'Not a foregone conclusion:' Republicans confront limits of Trump's endorsement

Adam Wollner, McClatchy Washington Bureau on

Published in Political News

WASHINGTON — Former President Donald Trump’s highly sought-after endorsement has not provided quite the boost some Republicans expected so far this year.

Republican candidates backed by Trump are locked in crowded primary races against undeterred opponents. Some are raising less money than their competitors. And just this week one lost an intraparty battle in Texas.

Trump has retained a firm grip on the GOP base since exiting office, and his endorsement remains extremely valuable within the party. But at the same time, he has not yet been able to fully transfer his popularity to Republican candidates running for office in the early stages of the election cycle, raising questions about the level of influence the former president will have heading into the 2022 midterms.

“At this moment in time, he still dominates the party. You can’t deny that,” said former Republican consultant Tucker Martin. “But you can see around the edges that the tide’s beginning to recede.”

Sarah Longwell, a former GOP operative who runs the anti-Trump Republican Accountability Project, said she recently concluded a series of focus groups with Trump voters from around the country. Longwell said that most wanted to see him run for president again in 2024, but when she asked about Trump’s endorsement of other Republican candidates in upcoming elections, she received a “mixed reaction.”

Longwell said that the most pro-Trump Republicans, who accounted for about half of the focus group participants, were likely to say that the former president’s endorsement would matter to them. But for the other half, identified by Longwell as more traditional Republicans who still supported Trump, his endorsement wouldn’t affect their vote as much.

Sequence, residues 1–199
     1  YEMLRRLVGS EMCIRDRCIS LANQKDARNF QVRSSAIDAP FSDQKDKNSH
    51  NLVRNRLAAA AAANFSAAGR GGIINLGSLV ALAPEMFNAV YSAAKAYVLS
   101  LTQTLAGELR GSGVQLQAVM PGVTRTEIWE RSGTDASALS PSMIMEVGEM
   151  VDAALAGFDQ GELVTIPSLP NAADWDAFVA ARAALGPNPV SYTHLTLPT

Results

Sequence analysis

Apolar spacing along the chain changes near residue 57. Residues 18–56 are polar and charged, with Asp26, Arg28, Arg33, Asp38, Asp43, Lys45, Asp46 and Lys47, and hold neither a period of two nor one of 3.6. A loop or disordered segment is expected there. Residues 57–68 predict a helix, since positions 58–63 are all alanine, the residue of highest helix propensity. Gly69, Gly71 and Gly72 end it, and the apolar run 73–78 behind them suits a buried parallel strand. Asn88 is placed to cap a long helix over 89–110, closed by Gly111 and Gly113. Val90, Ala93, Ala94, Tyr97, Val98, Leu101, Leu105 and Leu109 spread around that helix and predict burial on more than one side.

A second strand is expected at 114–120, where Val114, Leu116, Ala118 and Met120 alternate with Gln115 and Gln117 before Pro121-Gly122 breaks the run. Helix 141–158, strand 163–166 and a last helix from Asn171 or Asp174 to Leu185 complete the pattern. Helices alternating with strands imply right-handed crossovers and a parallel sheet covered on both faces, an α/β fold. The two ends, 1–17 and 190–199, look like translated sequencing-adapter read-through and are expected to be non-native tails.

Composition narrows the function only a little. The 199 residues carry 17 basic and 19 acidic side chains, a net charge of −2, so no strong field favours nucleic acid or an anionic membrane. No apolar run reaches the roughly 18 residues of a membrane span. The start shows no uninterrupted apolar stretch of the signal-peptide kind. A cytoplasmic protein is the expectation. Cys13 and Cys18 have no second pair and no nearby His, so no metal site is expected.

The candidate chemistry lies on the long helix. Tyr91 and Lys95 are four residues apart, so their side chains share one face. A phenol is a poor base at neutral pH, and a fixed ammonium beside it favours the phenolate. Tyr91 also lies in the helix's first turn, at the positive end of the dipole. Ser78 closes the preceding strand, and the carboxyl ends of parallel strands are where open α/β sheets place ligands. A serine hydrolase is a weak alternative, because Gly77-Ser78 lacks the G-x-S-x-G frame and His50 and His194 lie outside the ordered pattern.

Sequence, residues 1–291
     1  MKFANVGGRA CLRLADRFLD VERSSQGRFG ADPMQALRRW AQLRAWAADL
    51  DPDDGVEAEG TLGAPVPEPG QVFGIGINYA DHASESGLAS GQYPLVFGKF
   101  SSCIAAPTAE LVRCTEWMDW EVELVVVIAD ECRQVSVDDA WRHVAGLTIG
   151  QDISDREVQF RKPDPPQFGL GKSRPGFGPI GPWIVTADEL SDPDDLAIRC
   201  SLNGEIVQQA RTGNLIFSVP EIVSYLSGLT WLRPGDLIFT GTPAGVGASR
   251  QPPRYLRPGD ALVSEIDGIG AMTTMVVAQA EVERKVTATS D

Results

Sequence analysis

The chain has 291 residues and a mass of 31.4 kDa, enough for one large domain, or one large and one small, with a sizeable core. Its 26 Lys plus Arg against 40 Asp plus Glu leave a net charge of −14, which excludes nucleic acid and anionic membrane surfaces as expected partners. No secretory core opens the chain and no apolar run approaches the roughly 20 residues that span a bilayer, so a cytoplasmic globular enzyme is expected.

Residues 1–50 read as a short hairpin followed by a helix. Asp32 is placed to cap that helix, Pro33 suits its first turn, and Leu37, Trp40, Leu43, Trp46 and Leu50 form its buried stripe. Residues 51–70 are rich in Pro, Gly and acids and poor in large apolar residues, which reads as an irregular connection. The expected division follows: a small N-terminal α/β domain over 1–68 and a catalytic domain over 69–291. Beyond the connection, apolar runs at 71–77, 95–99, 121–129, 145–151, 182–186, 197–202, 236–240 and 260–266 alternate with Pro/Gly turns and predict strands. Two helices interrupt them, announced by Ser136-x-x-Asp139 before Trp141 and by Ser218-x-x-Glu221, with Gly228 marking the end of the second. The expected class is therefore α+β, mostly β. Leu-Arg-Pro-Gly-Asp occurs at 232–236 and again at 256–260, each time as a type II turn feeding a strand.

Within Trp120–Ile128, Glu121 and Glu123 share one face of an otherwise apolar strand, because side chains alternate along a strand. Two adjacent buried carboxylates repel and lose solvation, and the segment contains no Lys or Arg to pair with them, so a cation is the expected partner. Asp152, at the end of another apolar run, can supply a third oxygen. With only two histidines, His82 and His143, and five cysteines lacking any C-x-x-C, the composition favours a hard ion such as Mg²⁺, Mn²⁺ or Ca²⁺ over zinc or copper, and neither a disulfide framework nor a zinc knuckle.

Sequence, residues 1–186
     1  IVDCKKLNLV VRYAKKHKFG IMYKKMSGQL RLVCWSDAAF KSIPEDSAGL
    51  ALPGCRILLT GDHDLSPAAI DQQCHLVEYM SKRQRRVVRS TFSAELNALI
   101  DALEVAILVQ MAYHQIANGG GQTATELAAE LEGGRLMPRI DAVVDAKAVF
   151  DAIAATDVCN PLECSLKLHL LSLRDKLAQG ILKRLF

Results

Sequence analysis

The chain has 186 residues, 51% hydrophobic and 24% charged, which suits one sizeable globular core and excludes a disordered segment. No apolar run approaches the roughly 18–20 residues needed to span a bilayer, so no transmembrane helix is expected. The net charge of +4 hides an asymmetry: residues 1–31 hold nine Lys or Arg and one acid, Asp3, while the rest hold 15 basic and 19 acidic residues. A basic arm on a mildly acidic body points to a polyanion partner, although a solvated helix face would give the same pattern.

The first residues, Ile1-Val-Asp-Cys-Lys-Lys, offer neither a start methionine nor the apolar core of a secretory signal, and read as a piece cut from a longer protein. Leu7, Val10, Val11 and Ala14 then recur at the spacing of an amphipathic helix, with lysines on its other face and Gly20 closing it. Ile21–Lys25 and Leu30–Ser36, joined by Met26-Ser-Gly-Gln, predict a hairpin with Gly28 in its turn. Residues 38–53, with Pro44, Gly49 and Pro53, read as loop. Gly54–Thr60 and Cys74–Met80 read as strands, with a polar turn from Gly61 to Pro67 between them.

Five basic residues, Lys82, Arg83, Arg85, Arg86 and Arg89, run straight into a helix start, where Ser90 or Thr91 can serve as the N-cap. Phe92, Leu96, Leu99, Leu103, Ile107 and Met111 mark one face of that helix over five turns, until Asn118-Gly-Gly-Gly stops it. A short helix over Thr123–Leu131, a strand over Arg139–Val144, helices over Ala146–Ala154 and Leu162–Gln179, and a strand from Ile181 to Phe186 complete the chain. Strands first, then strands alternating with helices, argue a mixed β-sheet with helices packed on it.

“It’s some place between, Trump has the Midas touch and you automatically win and his endorsement doesn’t matter,” Longwell said. “It is not a foregone conclusion that a Trump endorsement will guarantee victory.”

The starkest example of the limits of Trump’s endorsement came this week in a special runoff election for a U.S. House seat in Texas between two Republicans. Conservative activist Susan Wright lost the race on Tuesday in the state’s 6th congressional district to GOP state Rep. Jake Ellzey by nearly seven points after Trump held a tele-town hall, recorded a robocall and ran ads through his super PAC on her behalf.

Trump blamed the loss on Democrats, who were eligible to vote in the election, saying in an interview with Axios that they turned out to oppose his preferred candidate.

While the Texas special election in the summer of an off-year was unique, some political analysts on the right pointed to the race’s low voter turnout as a sign that Trump was unable to motivate his core supporters to back Wright.


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